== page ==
To maintain good strawberry yields, growers must replace their plants every year using manual labor to sort several hundred million nursery-grown plants into "good" and "bad" categories. They needed a precise, mechanized solution combining many sciences to accomplish their goal - and they were willing to fund that effort.

CMU's solution is a plant sorter that uses computer vision and software to classify strawberry plants into groups beyond the previous good and bad. Groups of sizes, varieties and stages of growth enable new efficiencies for co-op members helping them improve quality, streamline production and deliver better plants to growers (which, in turn, produce better strawberries for consumers).
During a 10-day field test in October, 2009 NREC engineers tested the strawberry plant sorter under realistic conditions, where rain and frost change plants’ appearance and roots may contain mud and debris. The prototype system had to sort plants of different varieties and levels of maturity. While in the field, it sorted over 75,000 strawberry plants. On average, it sorted 5,000 plants per hour, several times faster than human sorting. NREC hopes to achieve sorting rates of 20,000-30,000 plants per hour with the final system. While the sorter’s overall error rate was close to that of human workers, it inspected and sorted plants more consistently.

“That’s the beauty of it,” said one grower. “Hand sorting varies more and has more drift in quality.”
There are three more phases to complete the strawberry project which include better methods to separate harvested strawberry plants, improve the equipment's robustness and ease of use, and integrate it into the nurseries' harvesting and packaging processes.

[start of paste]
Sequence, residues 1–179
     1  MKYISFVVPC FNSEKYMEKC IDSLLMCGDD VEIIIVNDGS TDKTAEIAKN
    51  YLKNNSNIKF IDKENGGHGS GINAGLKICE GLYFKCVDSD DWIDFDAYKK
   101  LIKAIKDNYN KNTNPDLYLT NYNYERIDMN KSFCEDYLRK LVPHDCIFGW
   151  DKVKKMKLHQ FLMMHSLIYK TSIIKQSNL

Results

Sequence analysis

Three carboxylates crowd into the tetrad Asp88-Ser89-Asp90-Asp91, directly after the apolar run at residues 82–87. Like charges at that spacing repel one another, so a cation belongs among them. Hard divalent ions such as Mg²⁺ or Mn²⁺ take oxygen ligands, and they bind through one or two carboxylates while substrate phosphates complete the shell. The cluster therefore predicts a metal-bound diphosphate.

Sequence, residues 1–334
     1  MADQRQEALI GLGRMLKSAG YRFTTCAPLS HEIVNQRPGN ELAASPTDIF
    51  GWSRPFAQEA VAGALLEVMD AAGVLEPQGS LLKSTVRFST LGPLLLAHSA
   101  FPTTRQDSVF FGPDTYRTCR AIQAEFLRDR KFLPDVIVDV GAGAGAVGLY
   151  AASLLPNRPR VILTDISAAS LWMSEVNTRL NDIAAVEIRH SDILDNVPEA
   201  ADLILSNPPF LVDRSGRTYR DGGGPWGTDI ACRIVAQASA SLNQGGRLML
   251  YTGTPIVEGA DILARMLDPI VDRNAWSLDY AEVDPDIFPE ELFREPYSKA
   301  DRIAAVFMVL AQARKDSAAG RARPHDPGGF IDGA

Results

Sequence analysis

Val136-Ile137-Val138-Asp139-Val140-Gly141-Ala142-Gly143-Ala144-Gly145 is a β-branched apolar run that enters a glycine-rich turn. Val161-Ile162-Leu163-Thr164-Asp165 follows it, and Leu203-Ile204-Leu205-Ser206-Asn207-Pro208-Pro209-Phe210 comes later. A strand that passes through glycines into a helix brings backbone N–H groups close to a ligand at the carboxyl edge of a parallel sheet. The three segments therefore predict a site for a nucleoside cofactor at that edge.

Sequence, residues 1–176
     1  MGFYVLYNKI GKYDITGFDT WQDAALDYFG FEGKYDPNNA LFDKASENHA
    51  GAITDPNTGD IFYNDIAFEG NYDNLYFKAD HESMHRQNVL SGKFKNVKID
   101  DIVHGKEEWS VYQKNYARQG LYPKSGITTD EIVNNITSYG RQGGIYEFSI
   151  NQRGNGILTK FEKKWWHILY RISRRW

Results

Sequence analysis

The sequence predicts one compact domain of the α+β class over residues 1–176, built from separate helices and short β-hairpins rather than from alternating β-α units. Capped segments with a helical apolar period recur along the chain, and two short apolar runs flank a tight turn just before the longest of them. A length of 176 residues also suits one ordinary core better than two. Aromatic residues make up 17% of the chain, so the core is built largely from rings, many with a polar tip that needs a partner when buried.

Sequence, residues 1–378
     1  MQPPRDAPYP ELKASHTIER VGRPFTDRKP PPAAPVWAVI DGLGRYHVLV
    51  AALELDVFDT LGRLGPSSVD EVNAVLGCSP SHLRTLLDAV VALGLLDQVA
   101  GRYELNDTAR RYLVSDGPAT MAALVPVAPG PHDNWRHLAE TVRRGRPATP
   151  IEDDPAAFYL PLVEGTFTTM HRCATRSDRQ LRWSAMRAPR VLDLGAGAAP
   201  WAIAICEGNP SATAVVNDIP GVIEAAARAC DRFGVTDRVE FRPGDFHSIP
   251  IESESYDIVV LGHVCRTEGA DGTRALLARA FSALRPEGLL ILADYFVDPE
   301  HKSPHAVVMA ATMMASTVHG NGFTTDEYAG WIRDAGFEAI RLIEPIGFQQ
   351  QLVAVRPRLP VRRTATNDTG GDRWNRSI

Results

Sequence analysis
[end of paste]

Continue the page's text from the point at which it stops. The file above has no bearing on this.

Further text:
To me, this project is unique in that there are few American robotic projects initiated by corporations or business groups to solve a problem with robotics.  UPS, GM and Ford, Deere, Boeing and Lockheed - have funded university research to solve their problems in the past.  MIT has a small program enabling directed research.  And NIST and the SBA fund selected projects.  But NREC is to be congratulated for making Carnegie Mellon's Robotics Institute rich set of core capabilities available to industry to solve their strategic problems.

Wednesday, January 13, 2010

2010 Robotics Predictions; Reality Check for 2009

Trick math question: If you have $100 and lose 50% and then gain back 50% of that, how much do you have?
  1. $100
  2. $50
  3. $75
  4. None of the above.
Stock markets around the world rose dramatically in 2009. Robotic stocks did as well or better than the major tracking indexes, particularly service robotic stocks. But the real story isn't the gains of 2009 but the lack of recovery from 2007.

An example: U.S. publicly-traded industrial robotic companies saw their stocks rise 40% in 2009. But those same stocks lost 53% in 2008. Thus their year-to-date rise in 2009 of 40% really only recovered 16 points of the 53 lost the year before. U.S. industrial robotic stocks are still down 37% from their close at the end of 2007 as are almost all robotic stocks worldwide. That is what these Robo-Stox™ charts - one for industrial robotic companies and another for service companies - attempt to show. Click to enlarge.